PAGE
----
What makes the Trump era different is the lack of that underlying continuity. Trump might look like vanilla or chocolate or some kind of swirl, but in reality he’s Semtex in a cone. After pretending for a year or more that he’s a natural product of the system, even top members of the governing party have become deeply worried about the orange brick of plastic explosive that now occupies the Oval Office.

Past Mood Swings

The last 40 years of American political life have been a series of switchbacks. Ford made way for Carter who made way for Reagan. After George H.W. Bush came a leftish turn under Clinton, a rightish turn under George W. Bush, then a left with Obama, then a hard right with Trump.

In some cases, the new party in power instituted a profound policy transformation. Ronald Reagan ushered in a new economic order. George W. Bush introduced a new post-Cold War unilateralism.

Trump has vowed to destroy the old order altogether.

Adversaries and allies alike can be excused for suffering from whiplash trying to keep up with the changes. Let’s consider this problem from the vantage point of North Korea, which has had only three leaders in over 70 years and no significant U-turn in policy during that time.

The North Korean leadership negotiated a deal with the Clinton administration in 1994 only to come face to face six years later with open hostility from the George W. Bush administration. It was a bewildering experience. Kim Jong Il apparently mourned what had been possible under Clinton, saying to the former president when he visited in 2009 that “The United States would have had a new friend in Northeast Asia in a complex world.”

Then, after finally managing to secure agreement with this initially hostile Bush administration in 2005, North Korea came up hard three years later against the cautious indifference of the Obama administration. The North Koreans were not entirely blameless in this shadow play, but still they must think that the United States has cyclical bouts of insanity.

It’s not just the North Koreans. The democratic world, for instance, found the transition to the George W. Bush years particularly bewildering. Even before the attacks of September 11, 2001, the Bush administration announced that it wouldn’t implement the Kyoto Protocol on global warming. After the attacks, the administration broke with international law by embarking on a “preventive” war, violating the Geneva Conventions on treatment of captured combatants, and engaging in torture. The administration also backed away from the Rome statute establishing the International Criminal Court in May 2002 and withdrew from the Anti-Ballistic Missile Treaty with the Russia in June 2002. All of these actions profoundly troubled America’s allies.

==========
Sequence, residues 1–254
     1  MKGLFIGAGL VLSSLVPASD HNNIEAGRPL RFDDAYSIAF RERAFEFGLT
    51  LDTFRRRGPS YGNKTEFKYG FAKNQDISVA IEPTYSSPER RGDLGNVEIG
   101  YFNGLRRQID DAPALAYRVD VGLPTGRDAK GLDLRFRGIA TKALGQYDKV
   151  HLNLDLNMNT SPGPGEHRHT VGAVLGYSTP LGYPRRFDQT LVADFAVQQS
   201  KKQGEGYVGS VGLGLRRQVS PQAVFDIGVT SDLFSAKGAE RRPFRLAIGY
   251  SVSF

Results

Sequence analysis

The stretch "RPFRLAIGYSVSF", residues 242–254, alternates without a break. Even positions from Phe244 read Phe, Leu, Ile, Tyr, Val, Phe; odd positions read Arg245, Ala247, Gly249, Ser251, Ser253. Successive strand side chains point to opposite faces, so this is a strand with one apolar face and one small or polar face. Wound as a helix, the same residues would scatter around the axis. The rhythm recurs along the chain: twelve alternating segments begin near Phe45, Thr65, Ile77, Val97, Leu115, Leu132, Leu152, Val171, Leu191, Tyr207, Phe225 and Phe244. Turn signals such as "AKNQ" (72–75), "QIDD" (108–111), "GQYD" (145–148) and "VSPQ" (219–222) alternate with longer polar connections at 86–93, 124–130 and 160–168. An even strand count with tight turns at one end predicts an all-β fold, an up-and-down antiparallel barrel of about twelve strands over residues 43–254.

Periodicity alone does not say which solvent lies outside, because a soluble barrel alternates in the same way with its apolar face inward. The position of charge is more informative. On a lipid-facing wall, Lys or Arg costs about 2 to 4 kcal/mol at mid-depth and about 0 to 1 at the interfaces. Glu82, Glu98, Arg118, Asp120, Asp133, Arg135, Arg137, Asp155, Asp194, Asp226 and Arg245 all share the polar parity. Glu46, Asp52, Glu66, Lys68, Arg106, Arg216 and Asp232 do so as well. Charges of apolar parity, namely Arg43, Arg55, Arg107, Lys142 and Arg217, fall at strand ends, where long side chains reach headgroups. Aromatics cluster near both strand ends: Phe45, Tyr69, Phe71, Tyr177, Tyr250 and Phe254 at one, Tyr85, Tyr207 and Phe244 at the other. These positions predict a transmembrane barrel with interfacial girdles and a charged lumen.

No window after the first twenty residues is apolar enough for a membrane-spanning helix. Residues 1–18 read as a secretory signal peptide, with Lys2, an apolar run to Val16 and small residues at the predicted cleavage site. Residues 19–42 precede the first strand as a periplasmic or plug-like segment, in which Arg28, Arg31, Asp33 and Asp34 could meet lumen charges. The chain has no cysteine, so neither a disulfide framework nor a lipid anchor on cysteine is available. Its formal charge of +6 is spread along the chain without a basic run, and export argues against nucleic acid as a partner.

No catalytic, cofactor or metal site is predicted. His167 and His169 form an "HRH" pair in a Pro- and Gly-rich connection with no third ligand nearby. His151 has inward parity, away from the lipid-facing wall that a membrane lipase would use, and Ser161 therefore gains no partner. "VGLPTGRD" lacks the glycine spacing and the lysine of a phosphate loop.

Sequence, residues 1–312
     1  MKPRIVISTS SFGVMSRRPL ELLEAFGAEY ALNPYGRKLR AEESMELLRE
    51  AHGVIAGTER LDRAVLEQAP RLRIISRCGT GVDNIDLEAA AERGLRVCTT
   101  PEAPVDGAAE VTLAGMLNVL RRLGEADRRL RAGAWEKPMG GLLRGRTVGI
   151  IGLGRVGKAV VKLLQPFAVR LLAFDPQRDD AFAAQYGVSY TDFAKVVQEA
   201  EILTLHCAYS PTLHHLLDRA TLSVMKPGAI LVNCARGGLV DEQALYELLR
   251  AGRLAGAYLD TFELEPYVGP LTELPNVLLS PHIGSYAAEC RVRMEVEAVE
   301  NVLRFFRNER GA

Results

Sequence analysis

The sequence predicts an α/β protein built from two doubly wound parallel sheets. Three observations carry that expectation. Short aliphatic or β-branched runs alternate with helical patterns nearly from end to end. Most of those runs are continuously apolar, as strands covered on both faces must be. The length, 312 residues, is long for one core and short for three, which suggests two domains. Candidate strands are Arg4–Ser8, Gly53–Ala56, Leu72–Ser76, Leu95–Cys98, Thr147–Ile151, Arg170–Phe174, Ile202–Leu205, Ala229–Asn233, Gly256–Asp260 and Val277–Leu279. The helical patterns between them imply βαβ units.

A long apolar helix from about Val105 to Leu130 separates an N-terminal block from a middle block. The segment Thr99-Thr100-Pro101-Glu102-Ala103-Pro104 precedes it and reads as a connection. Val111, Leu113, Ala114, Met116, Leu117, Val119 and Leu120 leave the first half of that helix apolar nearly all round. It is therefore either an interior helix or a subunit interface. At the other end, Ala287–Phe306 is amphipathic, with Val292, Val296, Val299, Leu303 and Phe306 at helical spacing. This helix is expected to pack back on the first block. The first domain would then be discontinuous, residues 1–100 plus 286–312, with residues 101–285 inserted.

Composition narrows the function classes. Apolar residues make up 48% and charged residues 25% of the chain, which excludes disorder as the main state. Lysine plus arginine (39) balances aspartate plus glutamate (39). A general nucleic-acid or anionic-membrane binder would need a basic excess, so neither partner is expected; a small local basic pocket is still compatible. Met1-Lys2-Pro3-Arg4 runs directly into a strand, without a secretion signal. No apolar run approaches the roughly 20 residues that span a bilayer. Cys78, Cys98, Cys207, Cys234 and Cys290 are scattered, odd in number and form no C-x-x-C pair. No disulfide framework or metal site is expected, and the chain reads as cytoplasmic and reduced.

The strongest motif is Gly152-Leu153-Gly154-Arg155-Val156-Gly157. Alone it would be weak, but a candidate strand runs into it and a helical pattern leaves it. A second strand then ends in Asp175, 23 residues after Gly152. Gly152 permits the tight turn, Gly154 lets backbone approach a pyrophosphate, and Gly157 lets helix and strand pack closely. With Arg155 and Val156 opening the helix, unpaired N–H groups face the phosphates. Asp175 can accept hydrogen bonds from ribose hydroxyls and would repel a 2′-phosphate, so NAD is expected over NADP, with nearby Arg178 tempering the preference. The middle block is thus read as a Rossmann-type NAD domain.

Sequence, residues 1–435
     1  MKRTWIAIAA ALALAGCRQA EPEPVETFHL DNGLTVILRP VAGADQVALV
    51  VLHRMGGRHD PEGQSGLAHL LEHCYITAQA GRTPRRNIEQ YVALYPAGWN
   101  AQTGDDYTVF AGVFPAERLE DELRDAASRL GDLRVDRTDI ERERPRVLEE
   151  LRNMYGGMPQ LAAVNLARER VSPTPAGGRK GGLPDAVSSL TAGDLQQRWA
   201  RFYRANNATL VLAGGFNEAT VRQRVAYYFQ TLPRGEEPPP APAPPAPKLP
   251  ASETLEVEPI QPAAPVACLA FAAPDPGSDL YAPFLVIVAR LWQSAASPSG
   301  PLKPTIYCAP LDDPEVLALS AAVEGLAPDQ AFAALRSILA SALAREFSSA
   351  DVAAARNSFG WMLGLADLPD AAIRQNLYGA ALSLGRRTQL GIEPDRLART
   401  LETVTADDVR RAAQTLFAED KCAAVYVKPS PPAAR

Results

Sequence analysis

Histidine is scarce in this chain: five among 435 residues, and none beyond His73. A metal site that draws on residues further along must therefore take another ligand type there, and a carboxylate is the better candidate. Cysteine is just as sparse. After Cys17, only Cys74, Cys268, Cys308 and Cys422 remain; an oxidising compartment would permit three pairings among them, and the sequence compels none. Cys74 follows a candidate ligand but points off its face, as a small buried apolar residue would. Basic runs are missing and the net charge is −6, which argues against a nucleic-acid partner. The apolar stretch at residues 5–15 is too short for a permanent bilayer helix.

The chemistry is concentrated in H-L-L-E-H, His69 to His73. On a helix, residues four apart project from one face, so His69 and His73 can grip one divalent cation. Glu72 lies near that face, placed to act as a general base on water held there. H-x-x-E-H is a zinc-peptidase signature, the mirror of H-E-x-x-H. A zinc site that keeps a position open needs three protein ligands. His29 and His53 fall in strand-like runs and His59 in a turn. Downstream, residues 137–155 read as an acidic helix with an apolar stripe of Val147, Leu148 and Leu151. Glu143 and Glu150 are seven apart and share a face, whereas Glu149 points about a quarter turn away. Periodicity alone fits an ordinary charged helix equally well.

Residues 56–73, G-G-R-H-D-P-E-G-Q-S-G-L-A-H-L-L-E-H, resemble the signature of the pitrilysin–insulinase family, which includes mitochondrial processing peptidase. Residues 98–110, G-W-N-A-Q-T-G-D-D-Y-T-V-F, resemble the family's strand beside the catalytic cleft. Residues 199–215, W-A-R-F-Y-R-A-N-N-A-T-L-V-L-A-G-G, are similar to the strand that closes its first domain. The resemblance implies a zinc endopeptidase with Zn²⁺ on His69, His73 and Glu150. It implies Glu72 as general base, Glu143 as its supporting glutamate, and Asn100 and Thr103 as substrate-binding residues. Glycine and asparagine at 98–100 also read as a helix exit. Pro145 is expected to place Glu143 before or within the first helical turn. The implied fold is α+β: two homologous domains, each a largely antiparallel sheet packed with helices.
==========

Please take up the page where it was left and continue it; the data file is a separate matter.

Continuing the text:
And yet in some respects even the Bush years seem like a golden age of multilateralism compared to the present moment. The Bush administration mobilized international support against al-Qaeda and Osama bin Laden. It attempted to fashion its own “coalition of the willing” to invade Iraq. It would put together six-party talks to negotiate a deal with North Korea. It pushed through a Central America Free Trade Agreement. Bush may have been a cowboy, but he didn’t embrace an entirely go-it-alone ethos.

In other words, even with its sharp turn toward unilateralism, the Bush administration held to a bipartisan consensus in favor of multilateral initiatives that benefit the United States. In some ways Bush offered only a variation on the Clinton theme of “a la carte multilateralism” in which the United States picks and chooses the international structures with which it wants to cooperate.

This kind of Bush-style unilateralism wrapped in a-la-carte multilateralism has returned to the White House. It’s represented by most of the top administration officials involved in foreign affairs: Secretary of State Rex Tillerson, Pentagon chief James Mattis, and National Security Advisor H.R. McMaster. These are the so-called adults in the room.

But Trump is something different. And that’s what has thrown Republicans like Bob Corker (R-TN) into a tizzy.

Corker and Iran

When the Obama administration was trying to win congressional support for the Iran nuclear deal back in 2015, the Republican Party was skeptical, to say the least. In the Senate, Republican lawmakers even managed to attract four Democrats to their effort to break a Democratic filibuster against a resolution to reject the Joint Comprehensive Plan of Action (JCPOA). But the effort still fell two votes short, and the deal went through.